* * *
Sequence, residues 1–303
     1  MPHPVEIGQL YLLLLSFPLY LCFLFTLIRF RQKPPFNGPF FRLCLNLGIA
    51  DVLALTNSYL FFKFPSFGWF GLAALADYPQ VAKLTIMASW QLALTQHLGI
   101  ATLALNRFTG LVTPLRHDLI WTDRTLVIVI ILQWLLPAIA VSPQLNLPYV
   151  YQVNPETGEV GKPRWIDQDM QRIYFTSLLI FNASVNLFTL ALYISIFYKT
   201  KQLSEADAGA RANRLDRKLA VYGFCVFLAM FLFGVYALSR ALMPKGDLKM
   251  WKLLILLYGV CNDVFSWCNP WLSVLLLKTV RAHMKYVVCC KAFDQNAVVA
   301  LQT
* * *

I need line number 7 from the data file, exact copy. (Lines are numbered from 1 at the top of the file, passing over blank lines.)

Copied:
   251  WKLLILLYGV CNDVFSWCNP WLSVLLLKTV RAHMKYVVCC KAFDQNAVVA